I would say that online education is the way of the future, but that would be a cliche. It would also be false. Online education is the way of the present. Digital media is pervading every aspect of our educational system. Don’t believe me? As all the parents of my local school district who had to buy ear buds for their kids in addition to the usual pencils, washable markers, and glue sticks.
You can get a quality education online, and as we move forward, the stigma attached to that education will diminish. Last week, I finished the coursework for a Master’s degree in literary arts. I studied literary criticism and theory online through Fort Hays State University’s graduate school for the last two and a half years, taking two classes at a time. I still have my literature comprehensive exam to take, but having completed the coursework with a 4.0, I felt it would be a good time to pass on some advice.
1. Don’t pursue an online degree because you lack the time for graduate school. Your schedule can be hectic. It can be erratic. It can’t be full. Even though you are not spending time in an actual classroom, you will spend just as much time, if not more, on your classes. On average, I think I spent around 28 hours a week on my degree. That’s four hours a day, seven days a week. Days when I couldn’t get the work in meant making it up on the weekends. Some weekends, I would seclude myself in the basement and work from morning through evening writing criticism, discussion posts, and reading research.
2. Live by your calendar. You aren’t an undergrad any more. Your instructors will expect a certain level of professionalism in your work and your approach. The fact that you aren’t face-to-face with your instructors means that there isn’t going to be anyone to remind you that you have a 25 page paper due in two weeks. You are going to need to be on top of things, or risk running behind. I would guess that my literature classes had a fifty percent drop rate based on the discussions throughout the semester. Most of those people were swallowed by their own procrastination monsters.
3. Do not procrastinate. Notice how all of these tips are about time? There are 24 hours per day. You are going to need to sleep between six and eight of them. Most people who are in an online program work full-time jobs. Which means you are probably out of commission for at least 14 hours of the day. Remember how I said I spent 28 hours a week working on the degree? That’s another four hours. You can not afford to procrastinate, particularly if you have a family or other commitments that are taking up your time. Liberal arts graduate programs are reading and writing intensive. You will be reading a lot. I usually made time for around 100 pages a day. It’s not always easy reading.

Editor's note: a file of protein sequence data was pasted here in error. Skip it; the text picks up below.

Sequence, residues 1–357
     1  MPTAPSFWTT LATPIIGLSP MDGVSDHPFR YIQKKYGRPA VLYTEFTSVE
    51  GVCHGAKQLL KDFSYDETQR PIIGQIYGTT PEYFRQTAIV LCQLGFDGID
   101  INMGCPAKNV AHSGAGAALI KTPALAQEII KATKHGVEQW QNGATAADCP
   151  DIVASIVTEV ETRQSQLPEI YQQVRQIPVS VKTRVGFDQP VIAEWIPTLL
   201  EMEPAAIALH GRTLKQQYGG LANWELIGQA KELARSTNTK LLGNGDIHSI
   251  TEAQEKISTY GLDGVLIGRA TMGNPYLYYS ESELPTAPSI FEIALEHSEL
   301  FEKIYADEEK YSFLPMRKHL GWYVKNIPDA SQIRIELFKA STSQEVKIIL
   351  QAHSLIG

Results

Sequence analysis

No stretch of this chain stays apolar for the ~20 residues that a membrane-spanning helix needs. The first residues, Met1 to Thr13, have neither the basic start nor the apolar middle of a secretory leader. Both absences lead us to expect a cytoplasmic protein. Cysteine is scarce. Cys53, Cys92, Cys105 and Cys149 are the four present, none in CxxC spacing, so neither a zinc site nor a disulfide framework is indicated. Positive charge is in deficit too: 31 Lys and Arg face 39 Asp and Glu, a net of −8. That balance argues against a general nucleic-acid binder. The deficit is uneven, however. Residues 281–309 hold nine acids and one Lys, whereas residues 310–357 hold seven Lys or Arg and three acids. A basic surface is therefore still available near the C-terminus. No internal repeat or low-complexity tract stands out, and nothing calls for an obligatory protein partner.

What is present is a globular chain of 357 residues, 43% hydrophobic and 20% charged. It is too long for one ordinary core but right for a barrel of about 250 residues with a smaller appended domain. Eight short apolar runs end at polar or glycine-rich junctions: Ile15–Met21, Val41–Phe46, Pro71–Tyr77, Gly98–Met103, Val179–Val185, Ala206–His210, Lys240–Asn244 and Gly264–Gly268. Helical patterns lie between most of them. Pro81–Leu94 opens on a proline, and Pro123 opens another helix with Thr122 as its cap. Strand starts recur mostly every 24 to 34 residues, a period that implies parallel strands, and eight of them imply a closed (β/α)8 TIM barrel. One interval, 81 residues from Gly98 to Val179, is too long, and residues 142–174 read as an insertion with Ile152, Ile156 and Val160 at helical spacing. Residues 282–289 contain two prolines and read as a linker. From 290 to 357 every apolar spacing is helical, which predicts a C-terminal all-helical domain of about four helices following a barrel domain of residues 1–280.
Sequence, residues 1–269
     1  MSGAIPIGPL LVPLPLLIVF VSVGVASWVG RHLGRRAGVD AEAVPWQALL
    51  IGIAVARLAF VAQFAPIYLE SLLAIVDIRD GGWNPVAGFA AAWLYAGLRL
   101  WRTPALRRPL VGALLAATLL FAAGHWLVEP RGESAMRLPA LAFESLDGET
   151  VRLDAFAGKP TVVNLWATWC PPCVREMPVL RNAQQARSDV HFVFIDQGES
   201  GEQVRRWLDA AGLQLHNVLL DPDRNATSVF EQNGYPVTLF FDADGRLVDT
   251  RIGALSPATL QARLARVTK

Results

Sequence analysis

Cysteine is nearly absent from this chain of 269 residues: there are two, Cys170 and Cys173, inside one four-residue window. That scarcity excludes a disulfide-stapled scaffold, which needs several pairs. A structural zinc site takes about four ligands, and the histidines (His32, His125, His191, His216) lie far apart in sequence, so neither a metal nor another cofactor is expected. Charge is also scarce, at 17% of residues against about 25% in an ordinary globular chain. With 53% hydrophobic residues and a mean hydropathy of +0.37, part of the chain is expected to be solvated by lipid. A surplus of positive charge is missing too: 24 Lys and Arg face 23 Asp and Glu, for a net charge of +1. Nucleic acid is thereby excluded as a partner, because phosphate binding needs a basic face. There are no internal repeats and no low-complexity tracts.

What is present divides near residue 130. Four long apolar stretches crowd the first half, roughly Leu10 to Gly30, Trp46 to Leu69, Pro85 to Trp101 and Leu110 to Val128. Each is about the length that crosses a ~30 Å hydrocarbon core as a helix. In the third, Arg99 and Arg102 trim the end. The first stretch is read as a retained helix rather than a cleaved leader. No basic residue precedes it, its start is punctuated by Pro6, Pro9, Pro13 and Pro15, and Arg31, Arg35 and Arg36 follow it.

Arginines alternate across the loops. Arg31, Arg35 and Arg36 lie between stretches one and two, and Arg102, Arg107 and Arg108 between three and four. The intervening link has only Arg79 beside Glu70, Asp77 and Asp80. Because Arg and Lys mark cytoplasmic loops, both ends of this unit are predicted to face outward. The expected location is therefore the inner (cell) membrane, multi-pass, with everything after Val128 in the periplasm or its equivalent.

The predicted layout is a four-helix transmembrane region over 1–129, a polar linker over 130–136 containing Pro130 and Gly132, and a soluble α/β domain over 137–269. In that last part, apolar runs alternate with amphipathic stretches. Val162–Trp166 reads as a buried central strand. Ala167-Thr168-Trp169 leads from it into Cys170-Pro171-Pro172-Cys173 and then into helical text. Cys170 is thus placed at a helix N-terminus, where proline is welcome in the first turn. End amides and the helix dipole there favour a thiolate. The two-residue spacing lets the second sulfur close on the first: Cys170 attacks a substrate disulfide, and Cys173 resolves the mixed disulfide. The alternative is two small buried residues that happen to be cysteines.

4. Trust yourself. You are going to have to build some confidence. When you are face-to-face with a class or an instructor, you get a lot of immediate and non-verbal feedback. You aren’t going to get it in the online format. You may put something out there and not hear a thing about it for days. You need to have faith that you are producing quality work and get on the next assignment right away.
If you can manage those four things, you will go a long ways towards surviving, and thriving, in an online program. I don’t think it is for everyone. If you need a lot of external motivation, it’s going to be an uphill struggle. Part of what helped me was the knowledge that I was sacrificing time as a parent and as a writer in order to do this. If I was going to put my career on hold and give up my already scarce time with my child, I was going to be the best damn literary critic in the program.
I had a good experience. I think the program has made me a better writer and has opened a world of academic research possibilities for me. It turns out, I am damn good at analyzing literature. I hope to do more of it in the future. Perhaps, I will even go on to a Ph.D. in the future. For now, however, expect more blog post, more writing, and hopefully more publishing.